Tropical Taste of Hawaii: The Wondrous Wi Apple
Wi apple (pronounced wee or vee apple) is a tall tropical fruit tree often seen growing in gardens and parks in Hawaii. Originating from Polynesia (Papua New Guinea, Fiji, Solomon Islands), wi apple has been widely cultivated throughout Southeast Asia, South America, and the Caribbean.
Depending on where it is grown, wi apple has numerous common names: ambarella, pomme de cynthère, golden apple, hog plum, Polynesian plum, jobo de Indio, makok farang, trái cóc, mangotin, kedongdong, cajá-manga, and many more!
The plant's botanical name is Spondias dulcis. It’s in the Anacardiaceae family and related to the mango. Each fruit is about the size of a large egg, with smooth skin on the outside and a thorny fibrous seed inside. The flesh has a distinct mango-pineapple smell and flavor.
Wi apple is easy to grow and requires low maintenance. It is a fast grower and can reach maturity and start producing fruits within 3–4 years of planting. I planted a wi apple tree from seed seven years ago. It is now the tallest tree in my garden and produces a prolific amount of fruits each season.
How to Eat Wi Apples
Wi apples can be eaten fresh, both as unripe and ripe fruit. Peel the skin off with your fingers (or a knife), then bite into the fruit like eating an apple! However, be careful of the seed, as some of the spiny fibers are quite sharp!
Unripe, the fruit has a bright green color, and its flesh is crunchy and sour. In many Southeast Asia countries like Thailand, Cambodia, Vietnam, and the Philippines, unripe wi apples are wildly popular! People enjoy eating them with chili salt or shrimp paste. The combination of the salty, spicy, and sour flavors and crunchy texture of the unripe fruit is irresistible!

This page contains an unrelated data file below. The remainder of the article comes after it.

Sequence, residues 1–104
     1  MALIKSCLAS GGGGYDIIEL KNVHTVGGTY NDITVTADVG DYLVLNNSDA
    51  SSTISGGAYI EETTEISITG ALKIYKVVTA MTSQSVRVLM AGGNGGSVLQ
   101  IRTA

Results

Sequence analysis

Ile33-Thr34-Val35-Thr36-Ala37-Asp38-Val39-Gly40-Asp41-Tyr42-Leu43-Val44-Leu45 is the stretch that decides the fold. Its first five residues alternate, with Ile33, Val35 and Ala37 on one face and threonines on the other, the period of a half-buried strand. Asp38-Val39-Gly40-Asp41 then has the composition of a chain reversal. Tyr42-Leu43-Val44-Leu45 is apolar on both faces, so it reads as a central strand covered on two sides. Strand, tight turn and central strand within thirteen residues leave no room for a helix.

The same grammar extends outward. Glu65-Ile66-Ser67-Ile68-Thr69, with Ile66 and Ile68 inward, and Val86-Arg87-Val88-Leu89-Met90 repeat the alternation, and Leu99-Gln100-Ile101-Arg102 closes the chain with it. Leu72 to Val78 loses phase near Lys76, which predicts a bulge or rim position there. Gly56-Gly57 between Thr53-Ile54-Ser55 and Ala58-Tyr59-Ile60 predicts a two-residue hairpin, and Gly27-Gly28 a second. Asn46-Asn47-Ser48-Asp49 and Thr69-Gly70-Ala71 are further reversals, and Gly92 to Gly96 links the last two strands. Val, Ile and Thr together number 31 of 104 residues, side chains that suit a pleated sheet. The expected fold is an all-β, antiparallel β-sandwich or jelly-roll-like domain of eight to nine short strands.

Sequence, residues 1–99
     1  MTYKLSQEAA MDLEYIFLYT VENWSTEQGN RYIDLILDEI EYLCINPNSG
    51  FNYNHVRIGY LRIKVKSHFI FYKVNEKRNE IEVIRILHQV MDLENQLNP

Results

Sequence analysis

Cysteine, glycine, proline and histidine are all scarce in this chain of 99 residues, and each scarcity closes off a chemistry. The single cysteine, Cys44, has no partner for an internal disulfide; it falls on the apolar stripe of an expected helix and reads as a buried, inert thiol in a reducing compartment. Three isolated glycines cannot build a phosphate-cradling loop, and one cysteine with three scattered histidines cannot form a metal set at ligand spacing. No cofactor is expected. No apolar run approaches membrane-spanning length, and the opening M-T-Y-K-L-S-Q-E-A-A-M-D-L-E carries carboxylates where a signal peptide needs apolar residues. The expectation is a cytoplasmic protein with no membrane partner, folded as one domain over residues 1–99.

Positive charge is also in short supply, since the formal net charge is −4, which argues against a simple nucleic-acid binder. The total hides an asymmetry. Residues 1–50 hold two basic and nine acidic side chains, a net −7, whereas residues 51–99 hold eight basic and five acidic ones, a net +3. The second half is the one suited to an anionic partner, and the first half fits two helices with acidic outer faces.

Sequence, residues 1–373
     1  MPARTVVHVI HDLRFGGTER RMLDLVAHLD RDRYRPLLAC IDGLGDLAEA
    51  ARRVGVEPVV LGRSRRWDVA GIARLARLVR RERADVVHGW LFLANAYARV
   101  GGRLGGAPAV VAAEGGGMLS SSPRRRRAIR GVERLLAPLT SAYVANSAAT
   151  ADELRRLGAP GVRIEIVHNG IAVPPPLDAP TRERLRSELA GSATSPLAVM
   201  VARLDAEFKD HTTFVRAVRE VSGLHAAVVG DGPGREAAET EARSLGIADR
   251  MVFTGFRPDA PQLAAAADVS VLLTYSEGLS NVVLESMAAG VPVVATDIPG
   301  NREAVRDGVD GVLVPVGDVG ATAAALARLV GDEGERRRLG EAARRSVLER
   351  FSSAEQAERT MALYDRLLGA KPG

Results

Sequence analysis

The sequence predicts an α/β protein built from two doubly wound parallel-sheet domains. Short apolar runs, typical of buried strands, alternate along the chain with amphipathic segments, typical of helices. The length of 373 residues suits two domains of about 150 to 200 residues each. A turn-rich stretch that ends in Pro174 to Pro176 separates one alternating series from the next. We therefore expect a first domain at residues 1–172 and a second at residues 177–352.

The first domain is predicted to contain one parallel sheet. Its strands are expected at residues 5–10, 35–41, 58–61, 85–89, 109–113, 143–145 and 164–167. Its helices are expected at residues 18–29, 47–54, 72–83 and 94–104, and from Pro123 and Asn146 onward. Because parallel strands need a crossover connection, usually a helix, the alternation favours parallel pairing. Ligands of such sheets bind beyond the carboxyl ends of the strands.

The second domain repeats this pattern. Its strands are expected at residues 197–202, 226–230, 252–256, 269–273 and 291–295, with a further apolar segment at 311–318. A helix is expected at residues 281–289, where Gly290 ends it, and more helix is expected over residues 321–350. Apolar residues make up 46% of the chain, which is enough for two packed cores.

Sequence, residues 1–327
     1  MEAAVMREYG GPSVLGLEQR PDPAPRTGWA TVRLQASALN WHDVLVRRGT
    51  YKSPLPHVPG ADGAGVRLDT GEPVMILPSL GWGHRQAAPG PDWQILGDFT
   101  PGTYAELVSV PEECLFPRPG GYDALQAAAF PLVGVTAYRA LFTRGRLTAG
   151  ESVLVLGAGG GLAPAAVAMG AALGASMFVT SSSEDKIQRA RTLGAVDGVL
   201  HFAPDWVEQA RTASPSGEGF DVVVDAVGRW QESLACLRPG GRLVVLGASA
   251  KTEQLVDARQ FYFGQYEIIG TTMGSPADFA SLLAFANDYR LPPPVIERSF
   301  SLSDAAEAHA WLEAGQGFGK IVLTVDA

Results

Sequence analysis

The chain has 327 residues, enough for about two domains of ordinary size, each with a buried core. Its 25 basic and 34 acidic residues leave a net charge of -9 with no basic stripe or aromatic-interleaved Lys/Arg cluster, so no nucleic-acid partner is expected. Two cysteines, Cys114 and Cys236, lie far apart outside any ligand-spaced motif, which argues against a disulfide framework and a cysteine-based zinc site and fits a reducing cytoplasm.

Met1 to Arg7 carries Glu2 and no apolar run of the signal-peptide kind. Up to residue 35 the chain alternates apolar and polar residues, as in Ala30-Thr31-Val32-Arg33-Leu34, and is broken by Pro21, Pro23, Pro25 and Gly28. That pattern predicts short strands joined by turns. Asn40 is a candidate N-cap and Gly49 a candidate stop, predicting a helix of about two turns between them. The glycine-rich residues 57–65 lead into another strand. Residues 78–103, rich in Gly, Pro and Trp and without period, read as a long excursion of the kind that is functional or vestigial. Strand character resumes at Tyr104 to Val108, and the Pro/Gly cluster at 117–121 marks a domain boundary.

Wi apples turn golden-yellow as they ripen, and the flesh becomes soft, very juicy, and tastes pleasantly sweet with just a hint of tartness.
In Hawaii, wi apples are usually eaten as a fruit snack and are used to make smoothies, ice cream, or sherbet. They are somewhat a novelty and not as popular as their famous cousin, the mango.
In Jamaica, Trinidad, and Tobago, ripe wi apples are juiced and made into delicious chutneys, jams, and preserves.
In Indonesia, young wi apple leaves are eaten raw as a side dish to accompany a meat stew or fish curry. Be warned, though: the leaves have an intense, mouth-puckering sour taste!
A Tasty Street Food
Green wi apples are a favorite snack among school-aged children in Vietnam. Street vendors are often seen selling pickled wi apples (marinated in fish sauce, sugar, chili, and stuck on bamboo skewers) near schools and city parks.
Where to Find Wi Apples in Hawaii
You will most likely find them for sale at farmers markets around the islands. The fruits are highly susceptible to cold temperatures, so supermarkets do not stock or sell them.
In Hawaii, wi apple is in season between November and April.
The Benefits of Wi Apples
Wi apple is an excellent source of vitamins A and C and is rich in calcium and iron as well. It is also high in fiber and acts as an antioxidant.